After successfully completing Review I and Review II, students can then submit a dissertation proposal to their doctoral committee and submit the accompanying "Dissertation Prospectus" form to the Graduate College. The doctoral committee will meet and determine whether to accept or reject the prospectus. A prospectus can be accepted provisionally given that the student follows the committee's suggestions in the dissertation. Upon completion of the full dissertation, a defense will be scheduled. This defense will be scheduled and conducted in accordance with the Graduate College's policies for thesis and dissertation completion. It is the student's responsibility to file the required "Notification of Oral or Written Examination" form with the Graduate College in a timely manner.
A complete listing of the program requirements is available in the UNLV Graduate Catalog.
Students are required to take core courses in three specialty areas: (1) research methods and statistics, (2) learning, and (3) technology. Students may specialize in either learning or technology, or a combination of both. However, all students are required to actively participate in research and research-related activities throughout their program of study. The Ph.D. in Learning and Technology will consist of 67 credits beyond the Master's degree. Of the 67 credits, 37 will be required courses, 18 will be electives, and 12 will be directed toward dissertation completion. Individual programs of study may exceed the minimum requirements and specific coursework will vary depending on particular area of emphasis.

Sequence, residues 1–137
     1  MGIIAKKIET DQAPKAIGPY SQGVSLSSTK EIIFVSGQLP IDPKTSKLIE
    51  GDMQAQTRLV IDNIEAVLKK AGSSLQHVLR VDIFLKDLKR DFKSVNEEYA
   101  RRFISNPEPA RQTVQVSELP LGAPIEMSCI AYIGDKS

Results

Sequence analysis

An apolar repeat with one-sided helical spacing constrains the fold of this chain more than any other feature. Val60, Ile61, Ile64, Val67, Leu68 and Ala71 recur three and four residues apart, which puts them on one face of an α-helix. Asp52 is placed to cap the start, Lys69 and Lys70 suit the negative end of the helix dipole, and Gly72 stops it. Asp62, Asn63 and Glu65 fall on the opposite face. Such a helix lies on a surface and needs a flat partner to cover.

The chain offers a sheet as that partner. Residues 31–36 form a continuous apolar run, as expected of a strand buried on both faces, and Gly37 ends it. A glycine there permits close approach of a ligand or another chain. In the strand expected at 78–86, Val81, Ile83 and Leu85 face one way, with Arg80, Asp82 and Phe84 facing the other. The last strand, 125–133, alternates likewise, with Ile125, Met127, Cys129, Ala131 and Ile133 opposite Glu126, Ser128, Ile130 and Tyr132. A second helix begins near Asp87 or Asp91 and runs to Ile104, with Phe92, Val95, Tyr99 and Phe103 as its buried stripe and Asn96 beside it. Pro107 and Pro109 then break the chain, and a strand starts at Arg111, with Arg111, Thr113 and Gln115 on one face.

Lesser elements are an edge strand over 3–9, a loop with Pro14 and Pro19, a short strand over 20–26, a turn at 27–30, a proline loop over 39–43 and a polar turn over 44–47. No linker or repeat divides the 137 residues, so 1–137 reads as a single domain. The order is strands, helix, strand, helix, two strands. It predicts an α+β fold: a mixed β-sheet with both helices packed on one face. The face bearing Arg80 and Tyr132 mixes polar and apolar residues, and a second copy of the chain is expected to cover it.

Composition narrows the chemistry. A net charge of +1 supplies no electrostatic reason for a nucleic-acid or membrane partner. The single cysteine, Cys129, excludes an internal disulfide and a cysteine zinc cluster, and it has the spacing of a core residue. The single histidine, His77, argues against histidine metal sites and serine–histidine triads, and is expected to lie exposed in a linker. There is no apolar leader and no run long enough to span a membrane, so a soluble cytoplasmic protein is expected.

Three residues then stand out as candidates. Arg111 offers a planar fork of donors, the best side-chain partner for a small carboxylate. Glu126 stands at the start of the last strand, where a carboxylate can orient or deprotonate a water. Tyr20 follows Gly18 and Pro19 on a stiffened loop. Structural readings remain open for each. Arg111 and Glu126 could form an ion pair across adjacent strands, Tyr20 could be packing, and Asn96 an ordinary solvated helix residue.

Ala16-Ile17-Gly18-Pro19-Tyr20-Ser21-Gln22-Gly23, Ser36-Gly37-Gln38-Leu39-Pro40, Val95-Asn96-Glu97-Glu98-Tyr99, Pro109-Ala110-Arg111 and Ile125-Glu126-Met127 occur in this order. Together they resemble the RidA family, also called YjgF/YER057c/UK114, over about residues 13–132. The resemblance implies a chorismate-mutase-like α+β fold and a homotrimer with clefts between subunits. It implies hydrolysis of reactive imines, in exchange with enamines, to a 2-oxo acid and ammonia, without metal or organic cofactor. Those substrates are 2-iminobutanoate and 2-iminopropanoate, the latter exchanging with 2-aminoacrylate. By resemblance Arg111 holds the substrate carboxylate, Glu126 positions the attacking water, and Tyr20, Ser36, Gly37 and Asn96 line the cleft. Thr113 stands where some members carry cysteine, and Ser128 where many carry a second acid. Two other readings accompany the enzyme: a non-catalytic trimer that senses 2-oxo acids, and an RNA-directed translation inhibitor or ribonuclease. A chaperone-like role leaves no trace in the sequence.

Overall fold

A complete listing of the course requirements is available in the UNLV Graduate Catalog.
After successfully completing Review I (satisfying the scholarly paper requirement) and Review II (passing the preliminary examination), the student may then submit a dissertation proposal to her/his doctoral committee and submit the accompanying "Dissertation Prospectus" form to the Graduate College. The doctoral committee will meet and determine whether to accept or reject the prospectus. A prospectus can be accepted provisionally given that the student follows the committee's suggestions in the dissertation.
A dissertation is an original contribution to current knowledge in the field and a demonstration of sufficient mastery in the field to pursue independent research and scholarship.
When the dissertation is complete, a defense will be scheduled and conducted in accordance with the Graduate College's policies for thesis and dissertation completion. It is the responsibility of the student to file the required "Notification of Oral or Written Examination" form with the Graduate College in a timely manner.
Department forms can be downloaded using the links below. You will need Adobe Acrobat Reader Program to download, prepare, and then print the pdf forms. Completed forms are turned in at the main office of the Carlson Education Building, Room 320. Additional forms can also be found on the Graduate College website.
Forms related to the admissions process can be found in the admissions section of this page.
The form below must be submitted to the Department Office and approved prior to enrollment in individual study/research courses (EPY 780, 782, 783, 787).
Dr. Michael Nussbaum
Ph.D. in Learning & Technology Program Coordinator
Room: CEB 325
Dr. Michael McCreery
Ph.D. in Learning & Technology Program Coordinator
Room: CEB 368